Australia will end enforcing mandatory Covid isolation from next month, the government has said.
Currently anyone who tests positive to the virus must isolate for five days, but that will end from 14 October.
At times nicknamed "Fortress Australia", the country has had some of the strictest restrictions in the world since the pandemic began.
Mandatory isolation had been one of the few restrictions remaining.
Australia's chief medical officer, Professor Paul Kelly, said the decision "does not in any way suggest that the pandemic is finished".
Australia continues to record about 5,500 virus cases each day, according to the latest government figures. It is one of the world's most vaccinated countries.
"We will almost certainly see future peaks of the virus into the future, as we have seen earlier in this year. However, at the moment, we have very low rates of both cases, hospitalisations, intensive care admissions, aged-care outbreaks," Prof Kelly said.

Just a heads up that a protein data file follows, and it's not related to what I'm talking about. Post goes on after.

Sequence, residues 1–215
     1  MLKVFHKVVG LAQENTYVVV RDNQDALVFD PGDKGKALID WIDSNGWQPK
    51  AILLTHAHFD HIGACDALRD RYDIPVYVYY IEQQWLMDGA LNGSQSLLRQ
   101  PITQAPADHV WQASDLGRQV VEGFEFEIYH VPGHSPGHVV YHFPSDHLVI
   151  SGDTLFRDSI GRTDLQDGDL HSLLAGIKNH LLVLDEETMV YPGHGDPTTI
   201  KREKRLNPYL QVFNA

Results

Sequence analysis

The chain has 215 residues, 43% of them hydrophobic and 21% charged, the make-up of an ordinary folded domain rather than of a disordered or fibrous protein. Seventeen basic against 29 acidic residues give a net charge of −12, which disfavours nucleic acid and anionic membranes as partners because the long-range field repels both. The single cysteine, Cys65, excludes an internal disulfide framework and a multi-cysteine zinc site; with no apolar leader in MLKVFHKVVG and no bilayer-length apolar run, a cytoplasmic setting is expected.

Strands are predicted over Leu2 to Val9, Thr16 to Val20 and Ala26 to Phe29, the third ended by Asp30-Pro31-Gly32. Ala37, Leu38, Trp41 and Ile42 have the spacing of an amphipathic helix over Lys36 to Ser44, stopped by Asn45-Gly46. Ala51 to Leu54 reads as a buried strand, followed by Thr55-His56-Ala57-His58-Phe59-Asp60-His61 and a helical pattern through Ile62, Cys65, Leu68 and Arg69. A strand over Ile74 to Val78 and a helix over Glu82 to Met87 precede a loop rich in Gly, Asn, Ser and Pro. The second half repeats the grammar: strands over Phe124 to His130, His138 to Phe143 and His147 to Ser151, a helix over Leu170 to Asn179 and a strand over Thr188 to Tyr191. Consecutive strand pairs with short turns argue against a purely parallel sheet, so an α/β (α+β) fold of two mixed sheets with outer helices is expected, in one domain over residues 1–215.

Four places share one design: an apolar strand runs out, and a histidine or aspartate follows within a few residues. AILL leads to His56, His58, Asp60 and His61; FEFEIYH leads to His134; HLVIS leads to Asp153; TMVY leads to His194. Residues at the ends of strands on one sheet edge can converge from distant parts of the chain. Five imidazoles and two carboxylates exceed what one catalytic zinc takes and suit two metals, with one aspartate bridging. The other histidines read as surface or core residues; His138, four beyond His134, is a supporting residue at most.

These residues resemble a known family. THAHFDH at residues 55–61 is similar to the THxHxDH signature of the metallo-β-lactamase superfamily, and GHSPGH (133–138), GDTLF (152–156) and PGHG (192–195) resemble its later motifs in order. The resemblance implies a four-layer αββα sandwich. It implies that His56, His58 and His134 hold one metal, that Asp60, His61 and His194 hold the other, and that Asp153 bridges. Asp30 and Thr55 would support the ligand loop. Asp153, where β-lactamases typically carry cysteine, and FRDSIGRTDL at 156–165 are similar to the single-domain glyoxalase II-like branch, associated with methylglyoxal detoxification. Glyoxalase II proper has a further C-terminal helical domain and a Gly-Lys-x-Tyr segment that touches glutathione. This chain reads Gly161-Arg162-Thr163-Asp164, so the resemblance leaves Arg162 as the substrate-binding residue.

After the pandemic began, Australia closed international borders for around two years and imposed strict limits on movement around the country.
About 15,000 people have died with the virus in Australia, the vast majority of them in 2022 after the country opened up.
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